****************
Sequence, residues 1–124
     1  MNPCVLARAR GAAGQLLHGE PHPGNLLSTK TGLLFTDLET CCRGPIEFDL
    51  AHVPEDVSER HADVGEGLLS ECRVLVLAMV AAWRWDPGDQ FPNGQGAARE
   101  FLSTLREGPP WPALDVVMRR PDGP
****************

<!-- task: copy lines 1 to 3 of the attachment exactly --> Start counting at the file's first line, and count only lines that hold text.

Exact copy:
Sequence, residues 1–124
     1  MNPCVLARAR GAAGQLLHGE PHPGNLLSTK TGLLFTDLET CCRGPIEFDL
    51  AHVPEDVSER HADVGEGLLS ECRVLVLAMV AAWRWDPGDQ FPNGQGAARE